Denhery Olguin


This is a movie I didn't expect to love as much as I do now. It was controversial for reasons that I felt passionate about. Nevertheless, I gave it a chance and it instantly became my favorite Pixar movie ever. This movie won me over and I'd be lying if I told you I didn't cry. The music and the characters were equally amazing. Anthony Gonzalez and Gael Garcia Bernal made such a perfect duo as Miguel and Hector,  especially when it came to 'Un poco loco'. I even loved what they did after the credits, which I don't want to spoil if you haven't seen it. It's best to see it yourself. 

Tangled: The Series

This series released last year and recently had their season finale. It's one of the few times where the series is as good as the movie. After all, most of the cast and crew returned to work on the series including Mandy Moore and Zachary Levi as Rapunzel and Eugene/Flynn as well as Alan Menken and Glenn Slater to create the wonderfully addicting soundtrack. The series introduced us to some new characters that you can't help but love. The series is off to a great start with plenty of surprises. It's worth a watch if you're a fan of Tangled. But seriously, the music is so good too!

Jillian Baker

In my opinion, 2017 was a weak year for feature length animation and a strong year for television series animation. Thus it was easy for me to pick a favorite film, however quite difficult to narrow down my choice for favorite series of the year. 

The Breadwinner

In regards to animated films for 2017, it was down to Coco or The Breadwinner. Personally, I found The Breadwinner to be more engaging and challenging than the widely acclaimed Coco. The Breadwinner dealt with a difficult subject matter and didn't shy away in showing just how difficult the situation in Afghanistan was for women. Parvana's journey in disguising herself as a boy in order to provide for her family is a testament to the strength and endurance of women everywhere. The filmmakers are clear to show the risks Parvana takes and just how dangerous the times were for a woman in Afghanistan. The variation in animation style also makes the film stand out as it goes from 2D to stop animation as it flips between Parvana's story and the fable that Parvana tells to her baby brother. It's a stunning piece of animation and is helped by the fact that it is one of the few feature animated films directed by a woman, Nora Twomey. This was by far the strongest feature film of 2017 in animation and my personal favorite of the year.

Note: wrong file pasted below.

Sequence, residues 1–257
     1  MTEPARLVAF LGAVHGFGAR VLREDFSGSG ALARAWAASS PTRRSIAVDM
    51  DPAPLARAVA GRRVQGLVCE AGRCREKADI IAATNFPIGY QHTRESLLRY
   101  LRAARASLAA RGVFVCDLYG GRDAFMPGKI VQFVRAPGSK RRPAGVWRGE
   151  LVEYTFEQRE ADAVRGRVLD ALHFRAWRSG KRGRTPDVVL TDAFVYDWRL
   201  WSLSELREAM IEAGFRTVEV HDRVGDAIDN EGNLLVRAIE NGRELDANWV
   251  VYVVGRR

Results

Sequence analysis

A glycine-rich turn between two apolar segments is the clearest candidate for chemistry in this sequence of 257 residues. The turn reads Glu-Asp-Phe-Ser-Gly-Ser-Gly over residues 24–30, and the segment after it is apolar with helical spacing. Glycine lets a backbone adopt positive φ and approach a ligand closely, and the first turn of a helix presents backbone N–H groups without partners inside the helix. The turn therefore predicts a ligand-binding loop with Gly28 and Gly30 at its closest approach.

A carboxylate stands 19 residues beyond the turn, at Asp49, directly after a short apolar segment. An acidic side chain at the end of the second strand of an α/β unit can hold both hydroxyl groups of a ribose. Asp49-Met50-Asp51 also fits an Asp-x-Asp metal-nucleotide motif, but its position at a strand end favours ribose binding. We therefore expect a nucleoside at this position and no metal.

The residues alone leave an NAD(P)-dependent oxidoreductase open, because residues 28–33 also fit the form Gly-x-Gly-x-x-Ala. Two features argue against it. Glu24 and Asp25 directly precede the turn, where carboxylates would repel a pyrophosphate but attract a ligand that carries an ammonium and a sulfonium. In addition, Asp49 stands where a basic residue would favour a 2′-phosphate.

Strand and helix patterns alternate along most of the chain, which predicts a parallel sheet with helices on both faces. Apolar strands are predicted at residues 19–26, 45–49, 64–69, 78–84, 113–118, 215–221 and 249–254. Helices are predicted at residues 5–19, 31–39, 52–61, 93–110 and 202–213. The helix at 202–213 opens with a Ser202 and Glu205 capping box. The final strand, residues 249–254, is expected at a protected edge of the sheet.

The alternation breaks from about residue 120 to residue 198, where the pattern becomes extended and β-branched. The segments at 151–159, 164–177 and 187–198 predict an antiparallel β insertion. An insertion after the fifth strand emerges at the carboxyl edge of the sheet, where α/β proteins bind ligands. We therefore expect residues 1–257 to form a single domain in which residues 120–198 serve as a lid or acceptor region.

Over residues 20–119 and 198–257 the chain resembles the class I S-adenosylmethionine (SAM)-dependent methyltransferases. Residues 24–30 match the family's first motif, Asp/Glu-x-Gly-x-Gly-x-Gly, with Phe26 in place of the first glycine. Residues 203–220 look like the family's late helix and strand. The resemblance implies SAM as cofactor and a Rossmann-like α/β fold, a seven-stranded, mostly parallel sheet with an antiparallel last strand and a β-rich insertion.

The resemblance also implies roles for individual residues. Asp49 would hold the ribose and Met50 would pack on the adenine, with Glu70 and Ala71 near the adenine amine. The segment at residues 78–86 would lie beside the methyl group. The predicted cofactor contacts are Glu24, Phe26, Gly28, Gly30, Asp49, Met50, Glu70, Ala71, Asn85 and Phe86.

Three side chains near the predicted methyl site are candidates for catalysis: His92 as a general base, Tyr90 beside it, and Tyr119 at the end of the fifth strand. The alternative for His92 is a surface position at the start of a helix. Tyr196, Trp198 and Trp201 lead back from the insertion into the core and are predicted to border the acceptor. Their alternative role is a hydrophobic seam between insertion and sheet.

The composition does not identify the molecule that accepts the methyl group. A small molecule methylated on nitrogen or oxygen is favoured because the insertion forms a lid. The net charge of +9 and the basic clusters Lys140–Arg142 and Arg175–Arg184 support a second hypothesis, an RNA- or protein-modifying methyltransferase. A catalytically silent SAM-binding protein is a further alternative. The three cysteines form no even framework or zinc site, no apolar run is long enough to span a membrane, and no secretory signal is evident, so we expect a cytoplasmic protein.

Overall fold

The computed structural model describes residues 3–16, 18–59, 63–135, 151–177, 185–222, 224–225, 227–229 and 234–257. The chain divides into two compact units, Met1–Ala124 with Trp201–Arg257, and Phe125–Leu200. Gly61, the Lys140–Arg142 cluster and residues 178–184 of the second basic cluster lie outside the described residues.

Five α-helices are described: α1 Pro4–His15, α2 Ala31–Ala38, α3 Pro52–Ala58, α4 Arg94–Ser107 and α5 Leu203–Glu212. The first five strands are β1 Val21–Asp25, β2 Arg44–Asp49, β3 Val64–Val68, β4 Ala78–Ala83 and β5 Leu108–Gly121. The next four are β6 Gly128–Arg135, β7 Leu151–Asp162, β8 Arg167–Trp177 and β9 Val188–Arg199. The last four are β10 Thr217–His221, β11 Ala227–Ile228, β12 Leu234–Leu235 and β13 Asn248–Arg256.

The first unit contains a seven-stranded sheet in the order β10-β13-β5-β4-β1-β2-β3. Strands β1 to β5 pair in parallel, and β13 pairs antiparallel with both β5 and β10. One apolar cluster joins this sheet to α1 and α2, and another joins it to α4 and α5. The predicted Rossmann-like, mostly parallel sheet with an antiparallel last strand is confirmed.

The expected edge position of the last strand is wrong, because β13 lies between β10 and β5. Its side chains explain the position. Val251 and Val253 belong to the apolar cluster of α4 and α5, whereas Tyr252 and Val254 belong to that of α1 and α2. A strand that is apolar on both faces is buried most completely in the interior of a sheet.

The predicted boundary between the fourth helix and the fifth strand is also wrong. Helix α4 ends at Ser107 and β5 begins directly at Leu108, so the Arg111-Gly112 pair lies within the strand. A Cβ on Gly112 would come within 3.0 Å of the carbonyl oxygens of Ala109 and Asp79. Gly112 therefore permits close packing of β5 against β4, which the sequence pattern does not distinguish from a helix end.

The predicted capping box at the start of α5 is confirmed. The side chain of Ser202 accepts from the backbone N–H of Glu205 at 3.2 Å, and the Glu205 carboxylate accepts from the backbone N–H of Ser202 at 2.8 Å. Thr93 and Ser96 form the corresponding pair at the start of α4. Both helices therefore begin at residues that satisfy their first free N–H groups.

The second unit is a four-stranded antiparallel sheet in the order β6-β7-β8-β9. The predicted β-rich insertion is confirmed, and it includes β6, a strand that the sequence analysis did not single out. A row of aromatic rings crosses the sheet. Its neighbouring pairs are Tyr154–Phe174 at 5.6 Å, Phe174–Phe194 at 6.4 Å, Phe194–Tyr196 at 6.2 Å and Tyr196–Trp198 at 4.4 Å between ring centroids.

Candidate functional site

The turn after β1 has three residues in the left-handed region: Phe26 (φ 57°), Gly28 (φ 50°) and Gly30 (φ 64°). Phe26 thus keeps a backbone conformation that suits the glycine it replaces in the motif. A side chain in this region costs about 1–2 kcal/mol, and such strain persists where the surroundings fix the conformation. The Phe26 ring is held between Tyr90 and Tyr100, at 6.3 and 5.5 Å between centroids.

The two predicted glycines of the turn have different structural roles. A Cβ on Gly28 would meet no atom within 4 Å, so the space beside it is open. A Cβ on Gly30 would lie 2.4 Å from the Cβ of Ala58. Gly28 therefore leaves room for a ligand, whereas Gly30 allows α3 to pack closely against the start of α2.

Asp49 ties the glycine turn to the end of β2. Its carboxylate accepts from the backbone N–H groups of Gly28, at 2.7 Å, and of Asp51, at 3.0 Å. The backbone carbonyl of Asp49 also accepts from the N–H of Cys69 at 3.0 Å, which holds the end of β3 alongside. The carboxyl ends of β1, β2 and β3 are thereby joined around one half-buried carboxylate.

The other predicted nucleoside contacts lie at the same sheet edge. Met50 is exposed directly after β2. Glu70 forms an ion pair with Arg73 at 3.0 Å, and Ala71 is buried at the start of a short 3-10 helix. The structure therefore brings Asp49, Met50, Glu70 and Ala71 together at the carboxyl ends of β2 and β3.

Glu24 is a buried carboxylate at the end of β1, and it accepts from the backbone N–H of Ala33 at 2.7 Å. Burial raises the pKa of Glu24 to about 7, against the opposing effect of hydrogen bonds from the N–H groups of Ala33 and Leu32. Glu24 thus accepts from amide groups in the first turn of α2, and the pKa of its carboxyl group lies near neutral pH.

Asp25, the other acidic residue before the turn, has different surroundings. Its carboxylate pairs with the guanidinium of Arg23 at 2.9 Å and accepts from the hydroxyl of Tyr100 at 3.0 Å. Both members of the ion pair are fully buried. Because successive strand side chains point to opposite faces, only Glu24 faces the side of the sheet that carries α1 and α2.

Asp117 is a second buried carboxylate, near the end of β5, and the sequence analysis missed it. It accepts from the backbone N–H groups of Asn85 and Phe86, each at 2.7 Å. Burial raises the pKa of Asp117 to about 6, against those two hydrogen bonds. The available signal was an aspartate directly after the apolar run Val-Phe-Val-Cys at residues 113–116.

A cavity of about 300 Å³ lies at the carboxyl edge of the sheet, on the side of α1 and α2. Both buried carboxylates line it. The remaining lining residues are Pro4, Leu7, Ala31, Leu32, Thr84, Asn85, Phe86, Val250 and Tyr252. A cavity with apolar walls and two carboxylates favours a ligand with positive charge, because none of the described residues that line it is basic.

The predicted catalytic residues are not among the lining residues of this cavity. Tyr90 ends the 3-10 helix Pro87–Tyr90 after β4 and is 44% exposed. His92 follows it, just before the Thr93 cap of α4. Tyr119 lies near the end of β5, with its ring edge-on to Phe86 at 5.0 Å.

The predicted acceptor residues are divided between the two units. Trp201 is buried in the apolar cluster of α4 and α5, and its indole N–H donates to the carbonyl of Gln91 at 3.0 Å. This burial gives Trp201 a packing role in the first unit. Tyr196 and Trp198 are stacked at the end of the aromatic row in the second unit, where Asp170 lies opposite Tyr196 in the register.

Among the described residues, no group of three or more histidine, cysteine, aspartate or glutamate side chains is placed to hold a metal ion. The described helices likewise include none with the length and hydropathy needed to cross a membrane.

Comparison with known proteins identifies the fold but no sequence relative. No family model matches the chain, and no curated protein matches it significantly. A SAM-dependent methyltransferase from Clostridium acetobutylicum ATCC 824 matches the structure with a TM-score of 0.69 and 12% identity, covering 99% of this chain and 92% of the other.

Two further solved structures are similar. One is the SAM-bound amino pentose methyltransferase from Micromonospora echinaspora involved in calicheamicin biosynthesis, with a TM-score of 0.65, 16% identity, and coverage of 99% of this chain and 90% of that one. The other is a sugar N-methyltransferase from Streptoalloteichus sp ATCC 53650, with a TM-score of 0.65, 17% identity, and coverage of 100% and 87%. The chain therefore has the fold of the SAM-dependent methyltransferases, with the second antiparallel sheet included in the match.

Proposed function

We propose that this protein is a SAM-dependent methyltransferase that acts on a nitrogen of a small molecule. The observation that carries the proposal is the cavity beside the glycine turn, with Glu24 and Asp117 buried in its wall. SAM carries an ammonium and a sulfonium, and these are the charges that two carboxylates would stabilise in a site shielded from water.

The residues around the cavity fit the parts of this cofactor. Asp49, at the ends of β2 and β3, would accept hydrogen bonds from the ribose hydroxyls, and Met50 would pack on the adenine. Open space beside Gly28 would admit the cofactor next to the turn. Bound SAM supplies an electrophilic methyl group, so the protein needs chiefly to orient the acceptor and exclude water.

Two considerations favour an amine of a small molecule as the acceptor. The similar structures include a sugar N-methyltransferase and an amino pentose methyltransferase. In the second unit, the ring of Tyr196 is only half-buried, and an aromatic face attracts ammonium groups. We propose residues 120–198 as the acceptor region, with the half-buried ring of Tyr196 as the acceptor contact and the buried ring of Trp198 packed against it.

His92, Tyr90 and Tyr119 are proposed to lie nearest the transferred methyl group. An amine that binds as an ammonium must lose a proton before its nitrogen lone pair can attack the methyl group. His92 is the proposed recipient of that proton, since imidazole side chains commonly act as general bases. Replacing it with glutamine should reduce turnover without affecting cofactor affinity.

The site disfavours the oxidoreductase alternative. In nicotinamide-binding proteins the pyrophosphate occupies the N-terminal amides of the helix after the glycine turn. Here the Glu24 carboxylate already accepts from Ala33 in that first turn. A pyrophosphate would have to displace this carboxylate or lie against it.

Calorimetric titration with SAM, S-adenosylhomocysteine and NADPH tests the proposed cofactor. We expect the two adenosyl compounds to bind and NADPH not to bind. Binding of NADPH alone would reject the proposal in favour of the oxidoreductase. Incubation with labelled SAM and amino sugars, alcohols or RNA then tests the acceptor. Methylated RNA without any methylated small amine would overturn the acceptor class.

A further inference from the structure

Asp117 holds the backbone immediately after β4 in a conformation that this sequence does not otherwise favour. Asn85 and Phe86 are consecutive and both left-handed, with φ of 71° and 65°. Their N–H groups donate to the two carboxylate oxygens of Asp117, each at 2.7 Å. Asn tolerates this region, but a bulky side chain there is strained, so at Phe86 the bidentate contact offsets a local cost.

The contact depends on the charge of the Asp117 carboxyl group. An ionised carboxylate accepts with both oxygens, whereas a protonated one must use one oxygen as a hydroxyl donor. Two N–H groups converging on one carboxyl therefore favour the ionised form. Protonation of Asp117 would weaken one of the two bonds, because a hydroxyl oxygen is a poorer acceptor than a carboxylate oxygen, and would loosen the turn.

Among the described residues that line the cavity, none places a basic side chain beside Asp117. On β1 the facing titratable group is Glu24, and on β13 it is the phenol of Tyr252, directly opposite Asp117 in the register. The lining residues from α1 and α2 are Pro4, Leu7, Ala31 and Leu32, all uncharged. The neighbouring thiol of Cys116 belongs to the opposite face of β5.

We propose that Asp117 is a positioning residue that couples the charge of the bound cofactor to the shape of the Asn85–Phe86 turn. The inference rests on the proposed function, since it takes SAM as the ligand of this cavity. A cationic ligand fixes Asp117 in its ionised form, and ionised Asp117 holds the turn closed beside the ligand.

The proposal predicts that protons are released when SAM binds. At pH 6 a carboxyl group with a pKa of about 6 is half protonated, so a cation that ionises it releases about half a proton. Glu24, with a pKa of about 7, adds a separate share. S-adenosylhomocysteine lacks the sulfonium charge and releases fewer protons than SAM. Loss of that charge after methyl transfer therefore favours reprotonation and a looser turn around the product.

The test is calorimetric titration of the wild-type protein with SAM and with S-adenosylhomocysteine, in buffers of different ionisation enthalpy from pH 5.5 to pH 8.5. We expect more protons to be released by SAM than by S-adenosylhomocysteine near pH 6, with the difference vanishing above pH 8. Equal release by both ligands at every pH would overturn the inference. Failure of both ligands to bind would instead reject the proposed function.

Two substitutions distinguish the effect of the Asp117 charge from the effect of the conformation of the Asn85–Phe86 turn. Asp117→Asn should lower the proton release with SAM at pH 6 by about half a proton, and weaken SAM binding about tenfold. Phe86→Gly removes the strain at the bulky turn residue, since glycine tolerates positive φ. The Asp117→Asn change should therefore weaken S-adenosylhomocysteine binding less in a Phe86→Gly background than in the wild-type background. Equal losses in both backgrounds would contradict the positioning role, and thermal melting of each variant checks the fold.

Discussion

Star vs. the Forces of Evil

The second season and the first part of the third season saw Star vs. the Forces of Evil dip down into  darker territory and add even greater complexities to the energetic cast of characters. The second season delved into Marco and Star's relationship as well as how strong Star's magic is and the darkness that was lurking beneath Ludo's wackiness all season. The finale of the second season ended strongly with a friendship altering confession from Star and the revelation that the big bad from season one, Toffee, was back to wreak havoc on the Butterfly family. Season three saw the addition of the quirky former Mewni queen, Eclipsa, and some excellent writing on monster/Mewni relations that ran parallel to current race issues along with revelations regarding the Butterfly family that brought up a whole slew of new questions. Retaining the fun and energetic wackiness, Daron Nefcy and crew have managed to bring this series up to a whole other level that will ensure it remains a classic of Disney television animation for years to come. 

Honorable Mentions

• Tangled: The Series: Retains what you loved about the film while adding a great deal of depth to the original characters, entertaining and complex new characters, and some great new songs. Currently listening to "Ready as I'll Ever Be" on permanent repeat!
• Trollhunters: Tales of Arcadia: The sophomore season amps up the stakes and increases the presence of some surprising characters. The show also takes a darker turn and keeps up a bingeworthy pace. Notable episodes include "Creepslayerz" and "Hero With a Thousand Faces".
• Coco: Excellent representation of Dia de los Muertos and visually stunning. Excellent Pixar offering.
• The Lego Batman Movie: Incredibly entertaining with plenty of pop culture references and laughs.
• Bob's Burgers: Retains the heart that we love while keeping the jokes fresh as Bob's daily burger special.
• Voltron: Continues to have stunning animation, great storylines, and complicated character development. Not to mention Prince Lotor's hair should get its own recognition in the credits.